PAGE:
There are many who would point out the redundancy in that header, and they wouldn't be wrong. This is most definitely a contest that will field a large group.
It would be easy to start with Zell, if he weren't just one in a long line going back farther than I can remember - maybe even to Button Gwinnett (look it up). But what do you expect from a state that's public education system is always in the bottom three?
Here are a few from just yesterday, in no particular order, when Georgia held its gubenatorial and congressional primaries.
1) Rep. Cynthia McKinney (D) 4th District
Although her scuffle with the Capitol Police over the winter garnered a lot of attention, back here that was only another "Oh, that Cynthia" moment in the life of this outspoken suburban Atlanta Democrat. She is very popular in her district, probably the most liberal and ethnically diverse in Georgia. Most people admire her "straight talkin' " attitude, and believe she is one of the few people who actually speaks the truth in Congress.
Cindy Sheehan and other Gold Star Mothers were at her post-primary election party last night to lend their support, and if you consider yourself a good liberal, like I do, it is very hard not to stand with her. She's been outspoken about the war in Iraq, and was the first in Congress to raise questions about the Administration's prior knowledge regarding 9/11. She also brings a lot to her community. So while many in Washington consider her boisterous and ineffective, not to mention a loose cannon, most at home admire her.
Because she enjoys a certain popularity, she did little to campaign except a few yard signs. She skipped debates with her other Democratic challengers in the lead up to the primary. She said she had commitments in the community, and in one debate in particular, she was just a no-show.
Only she and the media were surprised by yesterday's vote. After not getting the required majority (50% + 1 vote), she is now in a run-off for the Democratic nomination for her congressional seat against Hank Johnson, a county politician making his first bid for national office. They finished only a couple of points apart.
So why, in particular, was this stupid? Well, her speech to her supporters when it became apparent she was not going to win outright, was angry and venemous. She attacked her colleagues in Congress, in the Democratic Party, and, of course, the media for her failure. She didn't acknowledge her own mistakes during the campaign itself. No one expects her to apologize for her actions in Washington. She doesn't have to. She's Cynthia. But maybe she should have admitted to having made mistakes during the campaign and take some responsibility. Stop blaming others for your bad judgement, Cynthia. Stupid thing to do in a close race.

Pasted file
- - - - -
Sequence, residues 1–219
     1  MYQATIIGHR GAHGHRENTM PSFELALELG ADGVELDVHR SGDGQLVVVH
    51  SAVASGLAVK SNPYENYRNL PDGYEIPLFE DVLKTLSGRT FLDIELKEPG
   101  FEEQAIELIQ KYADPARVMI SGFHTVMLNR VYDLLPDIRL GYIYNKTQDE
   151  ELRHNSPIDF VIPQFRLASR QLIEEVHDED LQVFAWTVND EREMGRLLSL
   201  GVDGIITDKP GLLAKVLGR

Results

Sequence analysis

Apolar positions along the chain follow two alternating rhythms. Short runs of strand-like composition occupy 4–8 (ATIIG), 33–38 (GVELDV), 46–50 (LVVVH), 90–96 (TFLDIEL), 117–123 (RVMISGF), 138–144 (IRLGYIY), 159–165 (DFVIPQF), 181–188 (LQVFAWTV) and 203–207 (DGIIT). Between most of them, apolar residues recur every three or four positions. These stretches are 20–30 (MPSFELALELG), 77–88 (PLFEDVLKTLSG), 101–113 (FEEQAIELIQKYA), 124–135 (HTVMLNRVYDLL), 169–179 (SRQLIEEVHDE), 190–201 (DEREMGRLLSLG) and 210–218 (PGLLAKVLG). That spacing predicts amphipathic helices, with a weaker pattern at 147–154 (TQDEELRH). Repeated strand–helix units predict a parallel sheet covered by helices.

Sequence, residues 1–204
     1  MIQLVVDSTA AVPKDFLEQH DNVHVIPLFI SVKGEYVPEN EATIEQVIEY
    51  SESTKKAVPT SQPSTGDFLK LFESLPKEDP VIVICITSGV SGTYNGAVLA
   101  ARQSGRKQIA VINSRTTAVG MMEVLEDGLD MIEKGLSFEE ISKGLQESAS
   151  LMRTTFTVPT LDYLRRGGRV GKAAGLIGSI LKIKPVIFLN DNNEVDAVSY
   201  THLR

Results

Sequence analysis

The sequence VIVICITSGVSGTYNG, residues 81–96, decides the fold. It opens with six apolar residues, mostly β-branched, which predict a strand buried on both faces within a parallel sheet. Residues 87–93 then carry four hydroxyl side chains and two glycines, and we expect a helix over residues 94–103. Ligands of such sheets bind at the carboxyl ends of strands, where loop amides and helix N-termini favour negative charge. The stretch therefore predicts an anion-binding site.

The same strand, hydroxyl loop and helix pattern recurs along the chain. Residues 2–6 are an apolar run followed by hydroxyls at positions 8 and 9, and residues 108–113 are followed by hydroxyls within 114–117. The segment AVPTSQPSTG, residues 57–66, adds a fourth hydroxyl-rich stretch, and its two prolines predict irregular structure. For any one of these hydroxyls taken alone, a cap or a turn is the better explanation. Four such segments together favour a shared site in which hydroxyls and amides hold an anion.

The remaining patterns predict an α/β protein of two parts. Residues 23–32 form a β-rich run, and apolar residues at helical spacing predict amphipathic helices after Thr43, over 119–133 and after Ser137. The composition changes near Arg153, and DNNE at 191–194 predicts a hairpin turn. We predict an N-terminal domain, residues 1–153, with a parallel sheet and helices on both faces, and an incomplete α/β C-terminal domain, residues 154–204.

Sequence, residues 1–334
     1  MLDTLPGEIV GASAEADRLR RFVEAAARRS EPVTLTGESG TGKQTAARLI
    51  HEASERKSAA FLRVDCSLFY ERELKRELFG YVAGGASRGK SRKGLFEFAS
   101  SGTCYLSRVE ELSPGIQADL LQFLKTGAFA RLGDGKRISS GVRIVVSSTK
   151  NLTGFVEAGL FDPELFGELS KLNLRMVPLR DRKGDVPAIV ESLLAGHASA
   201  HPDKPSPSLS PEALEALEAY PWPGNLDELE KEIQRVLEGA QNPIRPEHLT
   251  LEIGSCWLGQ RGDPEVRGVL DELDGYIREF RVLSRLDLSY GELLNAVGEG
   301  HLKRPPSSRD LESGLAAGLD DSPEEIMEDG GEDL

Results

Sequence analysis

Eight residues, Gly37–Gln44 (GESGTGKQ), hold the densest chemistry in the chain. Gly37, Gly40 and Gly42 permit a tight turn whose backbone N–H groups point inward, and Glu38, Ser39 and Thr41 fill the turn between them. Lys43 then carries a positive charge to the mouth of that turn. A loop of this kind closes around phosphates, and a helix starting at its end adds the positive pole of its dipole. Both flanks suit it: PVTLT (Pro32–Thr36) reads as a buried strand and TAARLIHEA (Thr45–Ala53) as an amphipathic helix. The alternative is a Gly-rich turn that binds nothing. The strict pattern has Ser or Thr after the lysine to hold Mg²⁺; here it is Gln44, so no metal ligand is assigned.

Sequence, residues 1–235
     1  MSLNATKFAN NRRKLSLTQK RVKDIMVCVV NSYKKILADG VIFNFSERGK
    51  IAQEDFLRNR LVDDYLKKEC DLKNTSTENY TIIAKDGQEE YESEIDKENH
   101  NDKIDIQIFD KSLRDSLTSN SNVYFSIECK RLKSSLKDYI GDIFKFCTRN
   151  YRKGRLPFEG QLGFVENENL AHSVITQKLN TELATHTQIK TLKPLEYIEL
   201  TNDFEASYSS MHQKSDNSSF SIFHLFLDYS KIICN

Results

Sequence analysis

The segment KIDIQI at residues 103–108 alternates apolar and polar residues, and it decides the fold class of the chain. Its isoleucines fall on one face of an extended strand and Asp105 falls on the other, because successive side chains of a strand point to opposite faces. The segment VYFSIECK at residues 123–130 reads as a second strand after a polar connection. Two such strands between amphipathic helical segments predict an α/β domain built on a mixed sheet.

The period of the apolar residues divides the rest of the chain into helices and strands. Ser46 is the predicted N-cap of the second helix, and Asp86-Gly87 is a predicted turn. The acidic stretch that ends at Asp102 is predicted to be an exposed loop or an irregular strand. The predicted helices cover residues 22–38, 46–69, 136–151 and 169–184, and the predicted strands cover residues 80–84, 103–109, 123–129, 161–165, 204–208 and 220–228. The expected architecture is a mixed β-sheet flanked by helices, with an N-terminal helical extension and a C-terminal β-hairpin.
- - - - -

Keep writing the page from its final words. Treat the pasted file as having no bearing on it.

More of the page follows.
2) Ralph Reed (R) yes, that one
Ralph Reed, former head of the Christian Coalition and state Republican Campaign Chairman, got endorsements from Rudy Giuliani and Sean Hannity in his bid for the Republican nomination for Lieutenant Governor of Georgia. With all his name recognition, he lost, early and significantly, in a race that was not nearly as close as people thought it would be, to Casey Cagle, a member of the state house from the Atlanta suburbs. Despite his huge war chest, he could not deliver votes for himself.
In a very negative campaign, he ignored accusations about endorsing child labor in the Third World, and responded to criticism of his connection to the Abramoff/DeLay scandal with "I was mislead" about the money and blamed the media of associating him with wrongdoing. Like many modern politicians, he believed what people were telling him about his chances and the mood of the electorate in trying to win in a statewide vote. Again, for not owning his own shortcomings, for wasting more than a million dollars on an unwinnable campaign, he is now yesterday's news. Good riddance.
3) Rep. Phil Gingrey (R) 11th District
Finally, the oddest comment of them all. Even if you take into account any unspoken context, this is the dumbest thing I have heard that a politician said in a long time. After Republicans in Congress wasted time drafting and debating a constitutional ammendment against gay marriage, Gingrey deflected criticism from many quarters that pointed out that given the Senate already defeated a similar measure, and with all the problems in Iraq, skyrocketing gas prices, Iran, North Korea and the Israel-Hezbollah War in the Middle East, this was a pointless excercise.
He said that constitutionally defining marriage as between a man and a woman "is perhaps the best message we can give to the Middle East and all the trouble they're having over there right now."
Wow. Er...interesting perspective. And stupid.